By Lucky Maree
Is Cheslin Kolbe coming back to Western Province?
It’s a very sad answer to a simple question. The answer is, no!
John Dobson has come out to say that the chances that Cheslin Kolbe, one of the great wings in South African rugby history and one of the best wings playing international rugby at the moment, is not coming back to South Africa.
Kolbe has ended his contract with French club Toulon a year ahead of the contract expiring and the club has released him. This means that the brilliant wing who is also very comfortable at fullback will have half the world’s club’s knocking at his door – but Western Province is not in the hunt for his signature.
Dobson, in an interview with Cape Talk as reported in SA RugbyMag, has said that Province don’t have the money to pay the lad raised in Kraaifontein, Cape Town.
“They came back to use with a number probably the size of the GDP of Lesotho and we are under administration,” Dobson said.
It seems very likely that Kolbe will find a club in Japan that can afford to pay the money the player can command.
Dobson himself has played an enormous part in keeping Western Province Rugby Union alive in spite of the union being on its knees, probably through bad administration.
The South African economy is not exactly a place conducive to developing or maintaining a profitable business. It’s tough out there. Successful businesses need tough, seasoned business managers to keep clubs going. Sorry to say, but tough, seasoned rugby players seldom make innovative financial managers.
Dobson and Co seem to have stumbled on a working slogan. “Keep Cape Town Smiling” has touched the hearts of the people of the city, whether they are rugby followers on not. What a spectacular sight it was to see the stadium packed with fans – and all the way to the top tier, too!
But Province is still in trouble and they are one of the better unions.
It highlights a bigger problem that faces all rugby unions in the country and indeed the world.
Harlequins in England are in hock to the tune of £48 million (R1.1 billion), Exeter owe £28 million (R682 million). Not surprisingly their operation is described as “an unsustainable model”.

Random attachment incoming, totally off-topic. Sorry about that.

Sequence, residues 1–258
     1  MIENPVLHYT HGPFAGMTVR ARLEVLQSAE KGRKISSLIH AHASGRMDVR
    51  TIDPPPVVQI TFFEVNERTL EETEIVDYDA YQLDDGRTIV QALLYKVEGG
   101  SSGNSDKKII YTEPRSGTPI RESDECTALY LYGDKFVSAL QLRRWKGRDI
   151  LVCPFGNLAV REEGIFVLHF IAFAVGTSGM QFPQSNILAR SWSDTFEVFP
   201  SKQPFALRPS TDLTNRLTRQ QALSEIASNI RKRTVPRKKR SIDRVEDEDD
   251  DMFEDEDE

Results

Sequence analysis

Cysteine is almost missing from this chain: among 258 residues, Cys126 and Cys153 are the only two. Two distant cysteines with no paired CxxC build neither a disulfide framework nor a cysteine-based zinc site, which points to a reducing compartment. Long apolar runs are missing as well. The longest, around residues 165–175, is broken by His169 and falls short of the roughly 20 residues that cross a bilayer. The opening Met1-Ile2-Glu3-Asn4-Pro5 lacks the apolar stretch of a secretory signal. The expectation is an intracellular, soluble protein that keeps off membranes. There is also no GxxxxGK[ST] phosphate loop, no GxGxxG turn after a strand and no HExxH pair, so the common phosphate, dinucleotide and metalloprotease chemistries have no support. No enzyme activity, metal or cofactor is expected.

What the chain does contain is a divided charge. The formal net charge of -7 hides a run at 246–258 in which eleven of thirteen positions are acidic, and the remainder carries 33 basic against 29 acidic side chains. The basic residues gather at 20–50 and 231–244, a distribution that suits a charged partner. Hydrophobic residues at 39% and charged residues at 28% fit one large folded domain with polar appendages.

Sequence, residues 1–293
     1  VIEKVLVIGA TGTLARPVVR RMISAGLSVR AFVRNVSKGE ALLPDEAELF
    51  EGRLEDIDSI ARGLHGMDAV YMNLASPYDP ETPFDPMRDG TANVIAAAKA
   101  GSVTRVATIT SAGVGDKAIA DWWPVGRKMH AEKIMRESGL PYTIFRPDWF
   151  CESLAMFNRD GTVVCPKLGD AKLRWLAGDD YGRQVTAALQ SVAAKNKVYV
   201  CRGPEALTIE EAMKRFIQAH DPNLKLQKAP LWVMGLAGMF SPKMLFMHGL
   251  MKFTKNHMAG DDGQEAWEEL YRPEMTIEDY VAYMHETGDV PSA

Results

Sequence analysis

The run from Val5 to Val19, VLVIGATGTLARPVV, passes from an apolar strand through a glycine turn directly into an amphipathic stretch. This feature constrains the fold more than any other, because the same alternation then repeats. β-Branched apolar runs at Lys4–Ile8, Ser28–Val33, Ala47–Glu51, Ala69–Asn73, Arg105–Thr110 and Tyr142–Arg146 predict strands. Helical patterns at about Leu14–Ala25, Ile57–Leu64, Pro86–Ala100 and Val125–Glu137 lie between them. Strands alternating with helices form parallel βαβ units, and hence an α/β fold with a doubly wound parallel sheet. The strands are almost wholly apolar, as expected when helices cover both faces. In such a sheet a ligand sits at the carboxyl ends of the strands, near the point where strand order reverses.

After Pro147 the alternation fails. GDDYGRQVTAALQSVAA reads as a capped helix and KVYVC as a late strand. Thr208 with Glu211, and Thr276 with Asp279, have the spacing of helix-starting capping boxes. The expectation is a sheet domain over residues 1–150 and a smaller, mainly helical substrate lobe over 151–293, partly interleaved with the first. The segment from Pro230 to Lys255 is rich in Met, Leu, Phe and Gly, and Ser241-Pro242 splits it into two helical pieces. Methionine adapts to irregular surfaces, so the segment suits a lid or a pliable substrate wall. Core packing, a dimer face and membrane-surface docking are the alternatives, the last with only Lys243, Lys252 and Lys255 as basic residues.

And good luck to Kolbe! Nice work if you can get it – and he can get it and he should take it but it highlights the situation in all of local rugby.
When it comes to competing with the euro, the pound and the yen, the South African rand comes out on the lightweight side. No wonder that, in their droves, players from South Africa are signing contracts to play overseas.
The only thing that counter-balances that sad reality, is the genuine culture and love of the game that South Africans have.
From that point of view it is miraculous that South African franchises can still compete (not always totally successfully) in competitions like the United Rugby Championship and the Heineken Champions Cup.
And then we still, thank heavens, have Rassie Erasmus and Jacques Nienaber.
As rugby coaches they have performed at the top level. As managers of people they have been in a class of their own. Players from all over the world will wear the Springbok jersey in September.
And the Springboks are still, along with France, Ireland and New Zealand, considered to one of the teams that can win the World Cup in France in September.
South African rugby, as seen by Cheslin Kolbe’s probable move to Japan and not Western Province, is not in great shape. But we still have a World Cup to win. It’s a miracle that we can – but we can.
Pictured above: Cheslin Kolbe – Too expensive for Province